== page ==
MCTS1 IN THE REGULATION OF CELL CYCLE AND CDK4/6 ACTIVITY

The MCTS1 protein is involved in cell cycle regulation. MCTS1 overexpression was shown to increase the proliferation rate of NIH3T3 cells; in particular, by accelerating the progression of the G1 phase of the cell cycle. Meanwhile, this stimulates cell growth [1]. Analysis of cell growth in a semi-liquid medium showed that only cells overexpressing MCTS1 can form viable colonies [1, 24, 25]. Ectopic expression of MCTS1 in interleukin-2- (IL-2-)-dependent human EC155 T-cells sensitize them to apoptotic signals [24]. G1 phase progression involves type D- and E-type cyclins, as well as cyclin-dependent kinases (CDKs). Cyclins-D forms a complex with either CDK4 or CDK6 (Fig. 2) [26–30]. Ectopic expression of MCTS1 in NIH3T3 cells increases the level of cyclin D and the efficiency of cyclin D/CDK4 and cyclin D/CDK6 complex formation [24].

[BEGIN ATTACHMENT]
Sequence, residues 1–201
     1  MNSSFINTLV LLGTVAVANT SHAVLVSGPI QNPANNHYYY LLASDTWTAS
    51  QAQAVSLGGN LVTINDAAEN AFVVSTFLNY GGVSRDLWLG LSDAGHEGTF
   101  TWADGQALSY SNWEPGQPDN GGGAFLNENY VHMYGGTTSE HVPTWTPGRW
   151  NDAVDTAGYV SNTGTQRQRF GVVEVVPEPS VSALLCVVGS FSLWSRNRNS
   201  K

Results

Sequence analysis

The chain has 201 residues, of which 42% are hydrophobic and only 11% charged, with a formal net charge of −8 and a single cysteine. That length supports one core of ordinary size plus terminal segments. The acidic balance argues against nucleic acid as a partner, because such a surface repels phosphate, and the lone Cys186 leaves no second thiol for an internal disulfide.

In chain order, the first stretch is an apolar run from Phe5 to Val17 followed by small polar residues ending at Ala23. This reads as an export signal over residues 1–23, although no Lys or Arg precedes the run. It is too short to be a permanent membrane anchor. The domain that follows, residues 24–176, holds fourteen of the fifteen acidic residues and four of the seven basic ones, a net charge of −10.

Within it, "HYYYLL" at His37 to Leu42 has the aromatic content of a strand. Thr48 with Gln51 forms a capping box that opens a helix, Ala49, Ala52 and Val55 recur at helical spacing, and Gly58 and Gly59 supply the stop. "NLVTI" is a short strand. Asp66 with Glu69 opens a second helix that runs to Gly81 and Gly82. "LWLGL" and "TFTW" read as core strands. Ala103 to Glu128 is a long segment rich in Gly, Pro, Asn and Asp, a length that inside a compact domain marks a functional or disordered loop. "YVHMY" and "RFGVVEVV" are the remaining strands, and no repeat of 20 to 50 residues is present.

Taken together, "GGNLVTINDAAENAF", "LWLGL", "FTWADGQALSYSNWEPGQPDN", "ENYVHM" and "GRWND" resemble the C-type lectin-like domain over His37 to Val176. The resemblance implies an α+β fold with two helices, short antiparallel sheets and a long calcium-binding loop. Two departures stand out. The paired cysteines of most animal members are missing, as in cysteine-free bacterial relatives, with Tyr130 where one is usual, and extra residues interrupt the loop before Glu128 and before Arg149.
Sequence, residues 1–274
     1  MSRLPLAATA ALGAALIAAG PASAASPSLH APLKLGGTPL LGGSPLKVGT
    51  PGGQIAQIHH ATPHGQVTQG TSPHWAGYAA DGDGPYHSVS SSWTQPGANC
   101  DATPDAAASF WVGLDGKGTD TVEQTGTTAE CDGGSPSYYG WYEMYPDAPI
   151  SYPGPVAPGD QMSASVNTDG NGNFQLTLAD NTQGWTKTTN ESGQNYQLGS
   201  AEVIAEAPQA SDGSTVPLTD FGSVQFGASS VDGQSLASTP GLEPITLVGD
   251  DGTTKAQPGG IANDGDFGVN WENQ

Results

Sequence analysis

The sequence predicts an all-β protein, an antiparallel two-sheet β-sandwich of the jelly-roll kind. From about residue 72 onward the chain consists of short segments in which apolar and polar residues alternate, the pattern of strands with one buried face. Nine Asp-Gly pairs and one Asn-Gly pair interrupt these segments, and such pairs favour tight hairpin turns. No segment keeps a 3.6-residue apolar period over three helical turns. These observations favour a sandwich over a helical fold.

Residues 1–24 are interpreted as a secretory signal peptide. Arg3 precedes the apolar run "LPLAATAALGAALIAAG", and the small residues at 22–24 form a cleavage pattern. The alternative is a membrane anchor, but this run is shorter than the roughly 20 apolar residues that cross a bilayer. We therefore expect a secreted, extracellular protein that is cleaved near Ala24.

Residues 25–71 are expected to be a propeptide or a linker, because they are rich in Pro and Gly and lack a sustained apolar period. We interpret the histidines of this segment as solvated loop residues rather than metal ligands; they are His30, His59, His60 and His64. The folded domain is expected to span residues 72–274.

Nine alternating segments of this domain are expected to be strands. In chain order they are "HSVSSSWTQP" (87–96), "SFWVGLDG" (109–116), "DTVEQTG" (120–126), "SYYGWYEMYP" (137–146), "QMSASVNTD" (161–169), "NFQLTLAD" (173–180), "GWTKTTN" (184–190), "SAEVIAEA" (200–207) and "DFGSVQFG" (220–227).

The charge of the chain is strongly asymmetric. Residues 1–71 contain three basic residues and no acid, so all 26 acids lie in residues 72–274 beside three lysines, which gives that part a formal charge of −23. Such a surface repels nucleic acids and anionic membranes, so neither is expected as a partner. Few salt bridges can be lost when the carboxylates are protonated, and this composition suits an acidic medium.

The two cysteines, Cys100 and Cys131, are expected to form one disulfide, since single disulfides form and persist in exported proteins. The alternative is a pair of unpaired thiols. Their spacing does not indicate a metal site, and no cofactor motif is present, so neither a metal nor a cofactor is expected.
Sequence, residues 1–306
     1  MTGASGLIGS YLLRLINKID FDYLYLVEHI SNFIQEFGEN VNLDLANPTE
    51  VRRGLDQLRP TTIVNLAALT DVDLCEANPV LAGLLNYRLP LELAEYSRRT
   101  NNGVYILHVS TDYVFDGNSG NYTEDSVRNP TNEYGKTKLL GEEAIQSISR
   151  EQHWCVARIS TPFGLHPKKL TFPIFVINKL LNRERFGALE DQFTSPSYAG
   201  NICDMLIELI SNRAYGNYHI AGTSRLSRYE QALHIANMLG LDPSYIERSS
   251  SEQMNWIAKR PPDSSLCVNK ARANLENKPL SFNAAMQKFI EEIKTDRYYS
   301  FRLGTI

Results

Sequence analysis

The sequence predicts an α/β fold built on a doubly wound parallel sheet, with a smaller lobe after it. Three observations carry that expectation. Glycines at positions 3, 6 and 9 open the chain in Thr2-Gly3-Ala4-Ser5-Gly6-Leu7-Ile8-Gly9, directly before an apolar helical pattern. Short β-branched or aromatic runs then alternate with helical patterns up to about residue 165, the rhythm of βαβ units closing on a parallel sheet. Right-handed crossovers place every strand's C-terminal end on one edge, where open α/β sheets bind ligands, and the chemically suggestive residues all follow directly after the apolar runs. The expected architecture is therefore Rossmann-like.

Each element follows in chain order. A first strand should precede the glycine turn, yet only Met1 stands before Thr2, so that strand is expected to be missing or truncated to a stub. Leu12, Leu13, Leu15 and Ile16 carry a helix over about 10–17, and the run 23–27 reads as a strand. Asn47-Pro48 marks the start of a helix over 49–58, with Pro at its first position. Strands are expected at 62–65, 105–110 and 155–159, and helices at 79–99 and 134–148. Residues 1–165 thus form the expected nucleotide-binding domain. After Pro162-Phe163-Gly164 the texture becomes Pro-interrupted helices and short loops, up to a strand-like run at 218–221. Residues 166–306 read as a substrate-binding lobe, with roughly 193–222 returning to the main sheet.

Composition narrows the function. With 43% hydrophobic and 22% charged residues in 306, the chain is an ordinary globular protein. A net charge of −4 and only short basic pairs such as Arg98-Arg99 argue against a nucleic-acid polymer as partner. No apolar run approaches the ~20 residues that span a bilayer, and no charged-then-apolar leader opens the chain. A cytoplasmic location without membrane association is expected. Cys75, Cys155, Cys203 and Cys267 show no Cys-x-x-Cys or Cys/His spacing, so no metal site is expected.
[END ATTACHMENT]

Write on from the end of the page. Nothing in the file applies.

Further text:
Fig. 2. Schematic representation of the cell cycle. CDK – cyclin-dependent kinase; it is involved in cell cycle progression. Phosphorylation of the Rb (retinoblastoma protein) protein leads to transition through the G1/S stages. E2F – transcription factor; p16 (CDKN2A) – a CDK inhibitor; it impedes cell division while inhibiting G1/S transition; G1/S/G2 – interphase, M – mitosis

 

A region with a degree of homology to the sequence encoding for cyclin H, namely, a domain responsible for protein-protein interactions, was found in the MCTS1 nucleotide sequence [31]. This homology between MCTS1 and cyclin H may indirectly indicate the involvement of the MCTS1 protein in cell cycle regulation, particularly the mitotic phase.

MCTS1 AND REGULATION OF APOPTOSIS

MCTS1 is known to reduce the intracellular level of the p53 and p21 proteins, which can also contribute to malignant cell transformation and promote tumorigenesis [31]. Treatment of human MCF-7 cells with bleomycin, which induces double-strand breaks in the DNA of rapidly dividing cells, increases the expression of TP53 encoding the p53 protein. Ectopic MCTS1 expression decreases the level of p53 activation in cells treated with bleomycin and, hence, the efficiency of apoptosis of damaged cells [31].